Wednesday, May 20, 2009

Obama's terrorism policy

Jack Goldsmith has recently written this very thoughtful article in the New Republic maintaining that that there is not much difference between Obama's and Bush's terrorism policies. Most provocatively, he argues that much of the Obama changes have been symbolic and "and the changes [President Obama] has made . . . are designed to fortify the bulk of the Bush program in the long-run." Goldsmith's more immediate purpose is to argue that Cheney is wrong to argue that Obama's terrorism policy will put the nation at-risk because Obama's policy is not much different from Bush.

Left of center commentators are increasingly pointing out that Obama is undeniably failing in his campaign promise to be substantively different from Bush on substantive terror policies. As a general matter, although I think one has to be a bit nuanced in compararing Obama and Bush terror policies. As Goldsmith points out, the early post-911 Bush is different from the later Bush. The reaction to the Bush terror policy is particularly strong with respect the early Bush and the assertion of unlimited and unilateral executive power to conduct an unending war on terror. But Bush was forced to backtrack as a consequence of a combination of setbacks from the Supreme Court, pushback from Congress, and negative opinion. So, the contrast between Obama and this early Bush, which is the Bush that caused the most consternation in the electorate, is in fact quite strong. Second, not all terror policies were salient with the electorate. For example, whereas left of center commentators in particular strongly opposed Bush's policy on torture and waterboarding, targeted killings was not so salient. Thus, the places where you'll see the strongest contrast between Obama and Bush are areas that were politically salient--interrogation, secret prisons, GITMO, rendition. Notwithstanding these differences, I think Goldsmith is generally correct that for the most part the substance of Obama's terror policies are similar to those of his predecessor.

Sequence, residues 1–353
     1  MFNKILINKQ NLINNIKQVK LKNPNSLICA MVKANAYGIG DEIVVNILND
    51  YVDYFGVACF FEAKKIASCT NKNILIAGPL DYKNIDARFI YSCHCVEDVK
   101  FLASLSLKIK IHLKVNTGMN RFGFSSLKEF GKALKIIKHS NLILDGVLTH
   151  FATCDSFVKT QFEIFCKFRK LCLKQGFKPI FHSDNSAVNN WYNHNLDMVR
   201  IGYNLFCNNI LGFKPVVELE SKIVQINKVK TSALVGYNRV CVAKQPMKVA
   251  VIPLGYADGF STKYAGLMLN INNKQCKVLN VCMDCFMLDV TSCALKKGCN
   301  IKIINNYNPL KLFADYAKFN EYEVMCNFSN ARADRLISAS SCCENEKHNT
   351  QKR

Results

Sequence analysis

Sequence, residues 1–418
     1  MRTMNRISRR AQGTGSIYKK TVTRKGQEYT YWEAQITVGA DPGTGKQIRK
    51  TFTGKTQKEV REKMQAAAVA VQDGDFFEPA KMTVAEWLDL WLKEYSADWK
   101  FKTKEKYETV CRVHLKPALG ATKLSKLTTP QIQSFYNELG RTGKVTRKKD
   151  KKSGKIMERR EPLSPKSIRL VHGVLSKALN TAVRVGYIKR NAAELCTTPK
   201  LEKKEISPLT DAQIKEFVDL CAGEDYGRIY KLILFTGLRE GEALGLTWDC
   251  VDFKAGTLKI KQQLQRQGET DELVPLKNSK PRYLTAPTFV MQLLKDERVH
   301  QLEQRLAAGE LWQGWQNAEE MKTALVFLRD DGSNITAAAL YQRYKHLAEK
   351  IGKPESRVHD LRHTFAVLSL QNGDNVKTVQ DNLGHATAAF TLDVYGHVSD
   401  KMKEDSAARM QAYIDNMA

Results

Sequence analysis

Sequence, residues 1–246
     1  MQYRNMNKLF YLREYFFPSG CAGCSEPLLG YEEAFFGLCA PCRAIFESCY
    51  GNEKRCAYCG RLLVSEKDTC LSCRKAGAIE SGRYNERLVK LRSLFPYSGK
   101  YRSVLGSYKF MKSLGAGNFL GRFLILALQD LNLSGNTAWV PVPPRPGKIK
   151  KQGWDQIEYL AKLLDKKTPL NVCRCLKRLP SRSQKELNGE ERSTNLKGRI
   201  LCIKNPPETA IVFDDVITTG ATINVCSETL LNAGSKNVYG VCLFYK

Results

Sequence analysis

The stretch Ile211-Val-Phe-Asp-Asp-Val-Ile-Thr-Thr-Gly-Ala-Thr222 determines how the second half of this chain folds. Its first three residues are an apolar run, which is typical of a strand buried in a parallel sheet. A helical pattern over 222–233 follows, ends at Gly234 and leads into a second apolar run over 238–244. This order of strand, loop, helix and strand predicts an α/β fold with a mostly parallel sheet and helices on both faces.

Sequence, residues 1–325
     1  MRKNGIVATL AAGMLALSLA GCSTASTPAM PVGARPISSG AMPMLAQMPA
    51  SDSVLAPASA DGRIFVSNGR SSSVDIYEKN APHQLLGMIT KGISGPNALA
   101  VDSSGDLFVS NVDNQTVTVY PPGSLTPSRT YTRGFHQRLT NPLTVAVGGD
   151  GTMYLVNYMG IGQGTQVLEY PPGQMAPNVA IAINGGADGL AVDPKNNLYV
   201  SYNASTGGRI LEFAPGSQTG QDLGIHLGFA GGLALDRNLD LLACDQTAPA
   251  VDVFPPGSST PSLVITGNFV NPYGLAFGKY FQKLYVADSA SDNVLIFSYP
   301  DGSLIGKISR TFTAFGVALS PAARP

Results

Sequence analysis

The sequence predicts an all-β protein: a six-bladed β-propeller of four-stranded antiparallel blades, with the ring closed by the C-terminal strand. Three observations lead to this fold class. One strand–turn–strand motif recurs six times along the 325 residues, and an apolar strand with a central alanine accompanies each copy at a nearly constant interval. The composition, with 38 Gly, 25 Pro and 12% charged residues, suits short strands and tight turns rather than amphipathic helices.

What I find intriguing in all this is Cheney's warnings that once Obama is subject to the full information available to the previous administration, President Obama will have to make a choice: either continue Bush-era policies or put the security of the nation at-risk. The interesting question is whether Cheney's public efforts have succeed in making the Obama administration more conservative in its terrorism policy. It seems so.

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